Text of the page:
Think young Australians will ignore a nonbinding mail-in vote on marriage equality? Think again.

A gay rights activist holds a placard during a rally supporting same-sex marriage, in Sydney, Australia, May 31, 2015.

Editor's note: The results of the voluntary, nonbinding postal survey were announced Nov. 15. Australians voted overwhelmingly in support of marriage equality, with 61.6 percent voting "Yes" and 38.4 percent voting "No." Turnout was also high — 79.5 percent of Australians participated, including 81.1 percent of women aged 18 or 19 and 75.1 percent of men in the same age group. By comparison, in the 2016 US presidential election, about 58 percent of eligible voters cast ballots, including about 50 percent of Americans aged 18-29.

If Australian conservatives thought young people would ignore a nonbinding postal survey on marriage equality, they were wrong.

Under pressure from his party's vocal right wing, Australian Prime Minister Malcolm Turnbull announced on Aug. 8 that a nonbinding plebiscite (or vote) of the nation's citizens will be held by mail to determine whether Australians support legalizing same-sex marriage.

Notwithstanding that we already know the stance of most Australians on marriage equality — they support it, according to a number of recent polls — the option of a plebiscite had been strongly opposed by LGBT communities and marriage equality advocates. They’d pushed for a vote in Parliament that would have changed the marriage law. In early September, Australia’s High Court will consider whether the planned plebiscite is unconstitutional.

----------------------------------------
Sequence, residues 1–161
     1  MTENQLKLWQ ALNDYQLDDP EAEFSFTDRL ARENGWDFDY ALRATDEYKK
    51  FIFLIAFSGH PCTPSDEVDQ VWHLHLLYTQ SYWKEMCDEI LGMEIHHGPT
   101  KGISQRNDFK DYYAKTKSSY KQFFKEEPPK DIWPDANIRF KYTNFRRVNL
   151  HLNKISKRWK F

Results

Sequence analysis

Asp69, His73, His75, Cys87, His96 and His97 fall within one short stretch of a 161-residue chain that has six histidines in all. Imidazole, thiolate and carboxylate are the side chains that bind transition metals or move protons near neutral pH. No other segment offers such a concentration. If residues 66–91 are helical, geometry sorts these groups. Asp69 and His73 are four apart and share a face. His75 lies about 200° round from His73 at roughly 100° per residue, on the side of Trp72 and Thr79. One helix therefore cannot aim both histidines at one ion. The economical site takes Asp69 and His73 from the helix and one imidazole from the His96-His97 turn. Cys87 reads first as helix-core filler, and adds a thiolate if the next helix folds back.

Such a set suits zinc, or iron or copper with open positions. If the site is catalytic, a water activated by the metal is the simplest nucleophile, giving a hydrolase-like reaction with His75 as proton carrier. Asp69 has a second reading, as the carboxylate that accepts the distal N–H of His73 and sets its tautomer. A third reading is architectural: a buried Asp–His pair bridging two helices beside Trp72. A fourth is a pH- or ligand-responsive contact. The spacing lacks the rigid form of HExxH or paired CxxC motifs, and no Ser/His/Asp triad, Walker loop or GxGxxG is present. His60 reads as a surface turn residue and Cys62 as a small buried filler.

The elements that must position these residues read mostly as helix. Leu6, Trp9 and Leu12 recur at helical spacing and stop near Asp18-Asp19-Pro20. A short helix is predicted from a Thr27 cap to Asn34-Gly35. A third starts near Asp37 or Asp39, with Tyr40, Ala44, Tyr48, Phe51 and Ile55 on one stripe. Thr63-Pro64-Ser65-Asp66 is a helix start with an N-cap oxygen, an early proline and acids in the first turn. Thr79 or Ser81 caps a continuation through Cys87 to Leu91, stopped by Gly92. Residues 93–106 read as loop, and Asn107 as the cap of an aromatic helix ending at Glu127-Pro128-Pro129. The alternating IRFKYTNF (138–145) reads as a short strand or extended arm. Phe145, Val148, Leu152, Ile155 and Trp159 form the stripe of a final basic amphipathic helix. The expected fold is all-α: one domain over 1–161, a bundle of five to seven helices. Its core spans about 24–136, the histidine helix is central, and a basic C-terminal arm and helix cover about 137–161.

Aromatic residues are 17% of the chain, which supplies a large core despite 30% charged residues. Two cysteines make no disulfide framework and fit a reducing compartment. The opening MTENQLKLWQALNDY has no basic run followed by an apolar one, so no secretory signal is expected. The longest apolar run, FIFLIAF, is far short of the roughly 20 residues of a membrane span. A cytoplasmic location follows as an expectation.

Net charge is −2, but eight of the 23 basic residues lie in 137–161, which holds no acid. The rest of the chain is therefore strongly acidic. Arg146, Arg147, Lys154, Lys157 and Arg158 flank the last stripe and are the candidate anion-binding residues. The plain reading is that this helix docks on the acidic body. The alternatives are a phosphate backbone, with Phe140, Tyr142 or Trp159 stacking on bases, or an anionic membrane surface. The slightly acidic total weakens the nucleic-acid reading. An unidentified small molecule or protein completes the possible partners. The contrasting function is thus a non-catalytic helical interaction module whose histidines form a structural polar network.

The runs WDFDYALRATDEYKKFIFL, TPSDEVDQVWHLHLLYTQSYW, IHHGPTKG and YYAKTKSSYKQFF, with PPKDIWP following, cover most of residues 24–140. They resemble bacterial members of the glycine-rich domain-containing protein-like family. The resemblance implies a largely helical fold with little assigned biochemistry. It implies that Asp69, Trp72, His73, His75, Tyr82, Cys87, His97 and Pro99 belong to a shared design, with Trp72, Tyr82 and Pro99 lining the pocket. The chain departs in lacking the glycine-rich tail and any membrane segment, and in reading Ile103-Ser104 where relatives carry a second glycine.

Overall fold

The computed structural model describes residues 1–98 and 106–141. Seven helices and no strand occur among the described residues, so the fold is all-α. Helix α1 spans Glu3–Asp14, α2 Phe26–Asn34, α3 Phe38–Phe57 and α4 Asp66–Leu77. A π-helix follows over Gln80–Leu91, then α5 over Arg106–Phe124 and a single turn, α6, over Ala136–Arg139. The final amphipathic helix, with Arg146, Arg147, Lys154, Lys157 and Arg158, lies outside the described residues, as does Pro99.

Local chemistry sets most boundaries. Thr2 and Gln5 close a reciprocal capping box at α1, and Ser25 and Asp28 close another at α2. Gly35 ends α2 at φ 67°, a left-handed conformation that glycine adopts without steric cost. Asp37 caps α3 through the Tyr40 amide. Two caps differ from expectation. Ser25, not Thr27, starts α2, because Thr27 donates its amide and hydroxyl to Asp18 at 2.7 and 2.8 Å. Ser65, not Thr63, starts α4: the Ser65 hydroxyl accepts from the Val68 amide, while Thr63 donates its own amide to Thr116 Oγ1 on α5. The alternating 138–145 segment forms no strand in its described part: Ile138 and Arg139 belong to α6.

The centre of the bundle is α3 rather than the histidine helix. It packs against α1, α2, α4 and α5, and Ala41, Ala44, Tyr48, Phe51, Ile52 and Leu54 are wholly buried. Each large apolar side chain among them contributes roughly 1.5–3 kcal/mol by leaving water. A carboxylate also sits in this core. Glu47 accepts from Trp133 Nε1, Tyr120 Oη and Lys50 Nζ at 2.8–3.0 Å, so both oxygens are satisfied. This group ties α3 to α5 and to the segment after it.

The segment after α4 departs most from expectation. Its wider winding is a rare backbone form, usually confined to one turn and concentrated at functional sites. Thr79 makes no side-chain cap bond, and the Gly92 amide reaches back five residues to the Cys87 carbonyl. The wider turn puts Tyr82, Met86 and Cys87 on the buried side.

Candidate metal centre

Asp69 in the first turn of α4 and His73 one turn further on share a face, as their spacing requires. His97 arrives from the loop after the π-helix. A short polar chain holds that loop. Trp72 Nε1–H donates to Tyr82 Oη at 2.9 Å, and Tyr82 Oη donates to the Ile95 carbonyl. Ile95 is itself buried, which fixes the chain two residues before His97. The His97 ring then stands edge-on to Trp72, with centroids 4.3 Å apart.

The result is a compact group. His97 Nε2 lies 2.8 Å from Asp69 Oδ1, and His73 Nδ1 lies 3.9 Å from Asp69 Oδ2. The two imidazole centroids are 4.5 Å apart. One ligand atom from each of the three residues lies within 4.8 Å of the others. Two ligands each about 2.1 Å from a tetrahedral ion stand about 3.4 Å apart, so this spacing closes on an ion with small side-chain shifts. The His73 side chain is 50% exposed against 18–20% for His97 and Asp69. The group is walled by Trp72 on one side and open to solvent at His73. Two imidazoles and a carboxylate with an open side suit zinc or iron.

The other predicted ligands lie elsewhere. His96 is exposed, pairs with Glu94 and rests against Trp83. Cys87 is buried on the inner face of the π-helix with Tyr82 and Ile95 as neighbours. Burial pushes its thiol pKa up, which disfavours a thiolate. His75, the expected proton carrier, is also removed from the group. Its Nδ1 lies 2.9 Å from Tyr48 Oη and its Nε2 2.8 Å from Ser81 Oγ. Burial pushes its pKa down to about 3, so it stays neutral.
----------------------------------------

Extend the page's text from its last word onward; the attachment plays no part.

Critics say the postal survey is little more than an opinion poll — one designed to defer action on marriage equality and perhaps skew results in favor of older, more conservative respondents.

Opponents of LGBT rights do seem emboldened by Turnbull’s announcement. Laws against malicious and misleading campaign material that apply during elections and referenda do not apply in the case of a plebiscite, and some campaigners against same-sex marriage (largely members of hard-right and religious-fundamentalist groups) are virulent in their opposition, using imagery ranging from child theft to bestiality in their appeal to the public to vote “no.”

Many LGBT people have reported an uptick in homophobic and transphobic abuse and are expecting it only to get worse as campaigning grows in advance of the survey scheduled for counting after Nov. 7.

“We’re definitely a target for abuse in a way that we’ve not had problems with before,” said South Australian Sarah K. Reece, who has two children with her same-sex partner. “Strangers have yelled obscenities at us in car parks when they see our car with our rainbow ‘all families matter’ sticker. People have told us we’re abusing our kid and should be reported. One of the big online parenting groups we were part of had a member post about queer parents and families being unnatural and harming kids, and admins allowed the conversations to happen.”

Reece says the question of whether same-sex marriage should be permitted has created space for people to say that being queer is “wrong, sick or evil.”

“Suddenly it’s OK for strangers to comment, even face-to-face, in a way I haven’t experienced before,” she said. “There’s many who believe that even exposing children to the idea of people like me and families like mine is harmful and wrong. They’ve been given a voice, and they’re using it. Kids are hearing that their families are wrong, and their parents are sick and disgusting.”

Participants march during the annual Sydney Gay and Lesbian Mardi Gras in Sydney, Australia, March 4, 2017.
Participants march during the annual Sydney Gay and Lesbian Mardi Gras in Sydney on March 4, 2017. Steven Saphore/Reuters

If the vote has stoked anti-LGBT sentiment, it’s also rallied supporters of gay rights — especially young people. For many young Australians who support marriage equality by large margins, a survey that seems designed to limit their participation is having the opposite effect.